Ever since 2000, American’s views on the economy have been heavily shaped by two ideas:
1. There was clearly a big tech stock bubble in 2000.
2. There was clearly a big house price bubble in 2006.
It’s possible that there was some sort of a bubble in each case. But as of today, there is no strong evidence for either proposition. It is not true that tech stocks were clearly overvalued in 2000, and it’s not true that house prices were clearly overvalued in 2006.
The tech bubble theory was based on the assumption that stock prices had gotten so high that they could only be justified in the tech industry went on to dominate the US economy, and at least some tech stocks would have to become massive successes, in order to offset the inevitable attrition of tech start-ups that did not do well.
Today, it seems like the optimistic forecasts were basically correct. Not necessarily exactly correct, but close enough that one can no longer claim that the extreme optimism of 2000 was clearly unwarranted. Big American tech companies completely dominate our stock market, and indeed they dominate the global stock market in a way that was almost unimaginable in 2000. At least unimaginable to most individual humans; the “wisdom of crowds” somehow foresaw this future.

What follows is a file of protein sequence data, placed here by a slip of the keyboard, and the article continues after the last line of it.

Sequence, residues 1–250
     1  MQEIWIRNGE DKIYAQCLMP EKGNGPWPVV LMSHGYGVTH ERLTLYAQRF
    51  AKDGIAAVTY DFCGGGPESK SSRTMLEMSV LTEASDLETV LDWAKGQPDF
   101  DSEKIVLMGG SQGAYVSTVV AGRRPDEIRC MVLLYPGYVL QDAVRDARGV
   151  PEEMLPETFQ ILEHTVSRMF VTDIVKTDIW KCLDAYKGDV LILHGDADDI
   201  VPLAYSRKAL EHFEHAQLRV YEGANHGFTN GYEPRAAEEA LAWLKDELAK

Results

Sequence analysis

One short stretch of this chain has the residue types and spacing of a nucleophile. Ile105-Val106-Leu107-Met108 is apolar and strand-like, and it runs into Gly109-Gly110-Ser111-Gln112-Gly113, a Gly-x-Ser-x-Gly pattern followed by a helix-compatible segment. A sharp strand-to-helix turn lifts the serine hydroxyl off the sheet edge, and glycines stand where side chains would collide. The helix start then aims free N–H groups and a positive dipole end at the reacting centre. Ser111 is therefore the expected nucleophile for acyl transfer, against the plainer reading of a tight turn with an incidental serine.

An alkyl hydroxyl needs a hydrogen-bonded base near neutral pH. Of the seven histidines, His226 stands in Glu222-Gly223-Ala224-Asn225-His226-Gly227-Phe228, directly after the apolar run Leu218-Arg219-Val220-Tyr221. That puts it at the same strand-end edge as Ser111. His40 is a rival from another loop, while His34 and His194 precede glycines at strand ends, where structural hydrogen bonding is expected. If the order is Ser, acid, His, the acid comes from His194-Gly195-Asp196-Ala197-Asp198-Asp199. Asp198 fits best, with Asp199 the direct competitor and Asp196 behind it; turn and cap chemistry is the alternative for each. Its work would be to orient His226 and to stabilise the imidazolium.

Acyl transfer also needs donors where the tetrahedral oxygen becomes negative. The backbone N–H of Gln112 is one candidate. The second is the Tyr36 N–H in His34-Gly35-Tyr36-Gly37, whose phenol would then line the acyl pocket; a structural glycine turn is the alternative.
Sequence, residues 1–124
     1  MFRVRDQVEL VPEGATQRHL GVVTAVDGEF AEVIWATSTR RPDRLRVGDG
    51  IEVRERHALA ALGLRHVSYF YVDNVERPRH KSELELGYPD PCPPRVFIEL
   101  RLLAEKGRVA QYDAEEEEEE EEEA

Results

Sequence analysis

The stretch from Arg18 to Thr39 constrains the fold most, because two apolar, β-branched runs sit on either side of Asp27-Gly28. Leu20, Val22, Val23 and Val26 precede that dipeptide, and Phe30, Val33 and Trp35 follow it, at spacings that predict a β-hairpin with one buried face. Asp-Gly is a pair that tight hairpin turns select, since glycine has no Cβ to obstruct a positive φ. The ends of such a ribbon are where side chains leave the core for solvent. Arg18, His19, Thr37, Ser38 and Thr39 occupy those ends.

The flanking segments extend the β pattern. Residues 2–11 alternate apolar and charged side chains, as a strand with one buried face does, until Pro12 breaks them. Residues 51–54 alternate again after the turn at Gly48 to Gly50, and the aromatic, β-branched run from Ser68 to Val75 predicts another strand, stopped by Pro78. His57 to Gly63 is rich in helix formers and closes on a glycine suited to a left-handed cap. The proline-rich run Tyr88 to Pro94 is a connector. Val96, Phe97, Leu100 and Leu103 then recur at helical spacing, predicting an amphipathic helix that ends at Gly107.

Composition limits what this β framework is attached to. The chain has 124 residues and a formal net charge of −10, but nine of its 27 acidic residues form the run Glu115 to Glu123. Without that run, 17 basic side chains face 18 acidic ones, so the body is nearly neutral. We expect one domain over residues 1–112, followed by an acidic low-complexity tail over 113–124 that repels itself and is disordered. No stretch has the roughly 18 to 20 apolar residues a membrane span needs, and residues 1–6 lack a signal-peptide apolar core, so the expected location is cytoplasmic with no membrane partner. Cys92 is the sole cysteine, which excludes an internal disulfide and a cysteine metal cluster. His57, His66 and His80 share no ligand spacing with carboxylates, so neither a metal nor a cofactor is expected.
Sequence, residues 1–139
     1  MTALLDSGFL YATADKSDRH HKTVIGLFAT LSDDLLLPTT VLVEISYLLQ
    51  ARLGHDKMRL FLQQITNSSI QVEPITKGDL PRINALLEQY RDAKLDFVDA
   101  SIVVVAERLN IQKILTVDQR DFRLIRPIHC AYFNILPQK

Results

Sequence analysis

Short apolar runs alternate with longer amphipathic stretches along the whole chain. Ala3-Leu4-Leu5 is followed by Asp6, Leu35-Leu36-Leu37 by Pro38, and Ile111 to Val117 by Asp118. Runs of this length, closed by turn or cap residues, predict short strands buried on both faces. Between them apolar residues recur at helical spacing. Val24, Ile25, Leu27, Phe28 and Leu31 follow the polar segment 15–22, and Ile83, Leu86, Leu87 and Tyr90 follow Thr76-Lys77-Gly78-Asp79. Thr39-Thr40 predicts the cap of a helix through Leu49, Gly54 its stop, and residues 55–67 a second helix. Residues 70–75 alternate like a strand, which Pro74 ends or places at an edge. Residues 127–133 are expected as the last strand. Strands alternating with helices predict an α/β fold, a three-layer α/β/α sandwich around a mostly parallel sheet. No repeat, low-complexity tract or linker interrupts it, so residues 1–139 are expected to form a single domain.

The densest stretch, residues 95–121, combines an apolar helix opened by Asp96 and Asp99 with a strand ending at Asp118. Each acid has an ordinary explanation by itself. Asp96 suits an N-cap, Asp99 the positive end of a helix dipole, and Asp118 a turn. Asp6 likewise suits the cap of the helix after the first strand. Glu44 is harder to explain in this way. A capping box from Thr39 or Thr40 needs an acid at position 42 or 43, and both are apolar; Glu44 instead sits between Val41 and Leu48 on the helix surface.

The same is true of housing. Real housing prices are now just 1% below their 2006 peak. So it’s no longer clearly true that houses were greatly overvalued in 2006. Instead, other theories are equally plausible. Perhaps NIMBYism combined with permanently lower interest rates does justify permanently higher real house prices in the 21st century. Perhaps the 2006 immigration crackdown and the subsequent tightening lending standards and the steep drop in NGDP during 2008-09 caused the slump, and house prices are now returning to their appropriate level. The new normal of the 21st century. Or maybe this is another bubble. Who knows? But as of today, we can see that real house prices were not clearly overvalued in 2006. It’s at least debatable.
The two theories that have been discredited played a major role in shaping the views of Americans, including economists. Now that these theories have been discredited, Americans should revise their view of what happened to the economy over the past 20 years. Will they do so? Probably not.
This is an invitation for bright young academics that are not blinded by popular prejudice to take a fresh look at the whole bubble theory, especially the way these ideas shaped our view of the business cycle.
PS. Ever since I began blogging more than 11 years ago, I claimed that bubble theories were wrong. But I’m not going to take credit for predicting the strong surge in tech stocks and house prices—I did not anticipate this.